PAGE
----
COLUMBUS, Ohio — A federal appeals court blocked rules requiring precise completion of thousands of absentee ballots in swing state Ohio, but upheld other challenged election-law changes in a Tuesday ruling as legal and not unduly burdensome.

The three-judge panel of the 6th U.S. Circuit Court of Appeals in Cincinnati rejected all but one element of a lower court’s decision that found the laws violate the Voting Rights Act and place an undue burden on voters. U.S. District Judge Algenon Marbley had said the laws could harm black voters in particular. Judge Damon Keith dissented in part.

The ruling affirmed Marbley’s rejection of absentee-ballot requirements for birthdate and address entries as presenting an undue burden on voters, saying Ohio could provide no justification for its precise standard. At the same time, the court reversed Marbley on other changes, saying they were not burdensome and didn’t disparately affect minorities.

At issue in the case were several changes on absentee and provisional ballot requirements Ohio’s Republican-led legislature passed in 2014.

The panel’s ruling blocks Ohio from requiring the full and accurate completion of absentee-ballot forms before otherwise qualified voters’ ballots can be counted. It lets stand provisions that reduced the time voters could cure errors and prohibited poll worker assistance.

Advocates for the homeless and the Ohio Democratic Party sued Ohio’s Republican elections chief over the laws and procedures, saying they created hurdles for voters, particularly minorities. They pointed to instances of invalid ballots being counted and valid ballots being tossed as a result of the laws.

Attorneys for the state, which voted for Democrat Barack Obama in the last two presidential elections and for Republican George W. Bush in the two elections before those, said the challenged laws were reasonable and nondiscriminatory and imposed a minimal burden on voters.

The 6th Circuit noted the state’s attorneys didn’t deliver on their promised explanation for why the election law changes were necessary, including fraud.

“Not only did that never materialize, but, as is apparent from the record, there is no indication of a legitimate fraud concern at all,” they wrote. But the panel said much of the law is minimally disruptive to voters and doesn’t disenfranchise voters.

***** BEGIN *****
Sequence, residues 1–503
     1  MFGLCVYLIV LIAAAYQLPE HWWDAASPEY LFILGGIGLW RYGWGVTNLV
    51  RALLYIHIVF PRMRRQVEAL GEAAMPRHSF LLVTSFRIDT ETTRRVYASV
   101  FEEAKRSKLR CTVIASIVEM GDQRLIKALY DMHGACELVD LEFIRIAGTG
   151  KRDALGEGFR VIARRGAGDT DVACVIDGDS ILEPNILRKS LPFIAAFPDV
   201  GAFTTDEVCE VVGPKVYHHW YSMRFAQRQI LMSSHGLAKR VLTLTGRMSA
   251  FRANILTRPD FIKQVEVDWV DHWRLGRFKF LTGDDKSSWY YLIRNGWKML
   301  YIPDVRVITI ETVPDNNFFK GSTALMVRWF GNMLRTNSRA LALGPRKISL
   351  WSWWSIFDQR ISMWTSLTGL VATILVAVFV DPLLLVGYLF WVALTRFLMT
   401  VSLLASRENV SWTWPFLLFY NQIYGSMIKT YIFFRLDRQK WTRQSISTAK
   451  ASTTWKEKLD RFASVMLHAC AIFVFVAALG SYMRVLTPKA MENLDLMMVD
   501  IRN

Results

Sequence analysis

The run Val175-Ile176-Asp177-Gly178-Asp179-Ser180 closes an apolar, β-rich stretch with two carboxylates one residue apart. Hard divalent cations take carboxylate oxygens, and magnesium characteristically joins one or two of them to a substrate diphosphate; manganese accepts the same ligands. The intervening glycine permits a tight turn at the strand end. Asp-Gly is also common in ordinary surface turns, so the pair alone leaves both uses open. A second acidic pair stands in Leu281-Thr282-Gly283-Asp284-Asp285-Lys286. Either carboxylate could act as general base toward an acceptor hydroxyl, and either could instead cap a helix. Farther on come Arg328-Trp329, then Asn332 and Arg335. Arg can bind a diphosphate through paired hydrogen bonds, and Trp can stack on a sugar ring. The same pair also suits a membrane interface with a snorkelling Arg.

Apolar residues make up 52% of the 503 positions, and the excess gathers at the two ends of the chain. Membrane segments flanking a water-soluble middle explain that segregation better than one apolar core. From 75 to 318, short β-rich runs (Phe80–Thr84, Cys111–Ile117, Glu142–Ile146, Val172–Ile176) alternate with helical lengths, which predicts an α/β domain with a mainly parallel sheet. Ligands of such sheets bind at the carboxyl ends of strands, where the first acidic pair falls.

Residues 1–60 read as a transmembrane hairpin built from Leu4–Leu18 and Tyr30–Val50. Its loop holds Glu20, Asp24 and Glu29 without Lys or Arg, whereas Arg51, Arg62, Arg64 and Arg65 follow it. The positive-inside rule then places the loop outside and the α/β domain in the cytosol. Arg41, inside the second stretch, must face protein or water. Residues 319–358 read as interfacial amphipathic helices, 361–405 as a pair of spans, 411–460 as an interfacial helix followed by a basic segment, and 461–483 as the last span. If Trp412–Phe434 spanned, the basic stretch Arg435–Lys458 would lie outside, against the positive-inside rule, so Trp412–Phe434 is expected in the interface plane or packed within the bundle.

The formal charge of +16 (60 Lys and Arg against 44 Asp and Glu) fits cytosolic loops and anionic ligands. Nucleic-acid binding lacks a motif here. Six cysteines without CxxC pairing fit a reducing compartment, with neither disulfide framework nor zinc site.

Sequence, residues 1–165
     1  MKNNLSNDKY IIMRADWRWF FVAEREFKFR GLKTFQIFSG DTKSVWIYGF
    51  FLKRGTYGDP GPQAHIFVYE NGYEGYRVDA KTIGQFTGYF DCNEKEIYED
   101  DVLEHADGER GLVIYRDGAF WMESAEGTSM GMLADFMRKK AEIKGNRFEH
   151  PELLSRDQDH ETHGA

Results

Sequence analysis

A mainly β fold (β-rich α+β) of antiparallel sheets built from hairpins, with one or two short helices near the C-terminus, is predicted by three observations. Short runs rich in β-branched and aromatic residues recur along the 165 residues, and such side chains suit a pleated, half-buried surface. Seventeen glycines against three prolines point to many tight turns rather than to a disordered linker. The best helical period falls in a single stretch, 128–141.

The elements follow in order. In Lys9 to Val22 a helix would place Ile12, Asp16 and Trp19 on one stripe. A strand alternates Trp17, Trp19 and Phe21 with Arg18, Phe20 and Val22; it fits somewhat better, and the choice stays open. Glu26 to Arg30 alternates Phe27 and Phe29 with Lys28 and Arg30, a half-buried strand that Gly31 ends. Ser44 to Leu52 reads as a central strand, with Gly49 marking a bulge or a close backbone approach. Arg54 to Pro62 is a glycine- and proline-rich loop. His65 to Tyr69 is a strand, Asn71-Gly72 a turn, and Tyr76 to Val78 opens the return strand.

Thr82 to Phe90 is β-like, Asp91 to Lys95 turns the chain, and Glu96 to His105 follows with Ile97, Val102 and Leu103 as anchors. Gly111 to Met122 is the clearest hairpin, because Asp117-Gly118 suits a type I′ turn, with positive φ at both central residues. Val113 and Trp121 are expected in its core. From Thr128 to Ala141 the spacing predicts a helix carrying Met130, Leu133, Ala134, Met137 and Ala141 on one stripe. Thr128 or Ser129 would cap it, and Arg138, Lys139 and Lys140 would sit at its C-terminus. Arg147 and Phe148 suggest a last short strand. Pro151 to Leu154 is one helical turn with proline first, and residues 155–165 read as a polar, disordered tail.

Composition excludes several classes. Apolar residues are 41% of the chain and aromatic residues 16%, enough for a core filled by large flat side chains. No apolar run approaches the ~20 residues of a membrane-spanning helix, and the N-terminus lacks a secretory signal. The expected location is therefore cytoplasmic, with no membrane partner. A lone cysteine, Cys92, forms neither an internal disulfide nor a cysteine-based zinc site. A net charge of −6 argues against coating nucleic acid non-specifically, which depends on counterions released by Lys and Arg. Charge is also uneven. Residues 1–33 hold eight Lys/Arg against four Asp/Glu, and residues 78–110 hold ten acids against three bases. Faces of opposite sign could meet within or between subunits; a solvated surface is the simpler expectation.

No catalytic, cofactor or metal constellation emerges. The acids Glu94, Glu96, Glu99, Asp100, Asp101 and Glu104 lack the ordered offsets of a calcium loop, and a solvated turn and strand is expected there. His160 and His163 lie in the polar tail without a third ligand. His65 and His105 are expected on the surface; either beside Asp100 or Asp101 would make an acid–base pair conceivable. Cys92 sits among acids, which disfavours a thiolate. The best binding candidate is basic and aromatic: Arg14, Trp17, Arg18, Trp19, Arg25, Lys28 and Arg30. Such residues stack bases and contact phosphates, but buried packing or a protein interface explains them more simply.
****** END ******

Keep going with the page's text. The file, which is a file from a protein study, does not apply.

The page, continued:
Among other changes, the laws require voters to provide certain identifying information when casting absentee or provisional ballots. Voters must include their names, signatures, valid forms of ID, addresses and birthdates. Otherwise, the ballots could be rejected due to errors or omissions.

Provisional ballots are those cast when a voter’s identity or registration is in question. The voter’s eligibility is verified later.

Subodh Chandra, an attorney for the plaintiffs, had a mixed reaction to the ruling. He said his clients are weighing their legal options, including an appeal to the U.S. Supreme Court.

“The decision represents a significant victory for voting rights, in that the court recognized the irrationality of Ohio disenfranchising voters whose identify it has confirmed, based on minor errors and omissions,” he said. “But the decision is also a disappointment insofar as it does not recognize the detailed fact-finding of discrimination that the district court had accomplished.”

Secretary of State Jon Husted commended the court for a “reasonable” decision.

“The most important issue in this case was to ensure that voters who cast an absentee or provisional ballot have to provide identifying information to make certain they are legally registered to vote,” he said.

Husted has called the lawsuit politically motivated and says it’s part of a trend of unelected federal judges writing Ohio’s elections laws.

The lawsuit dates to a 2006 challenge of a law that specified when provisional ballots could be counted toward vote totals. A 2010 court decree stemming from that lawsuit has governed Ohio’s provisional ballots and voter identification requirements. The judge ruled last year the case could be updated to include the challenge to the 2014.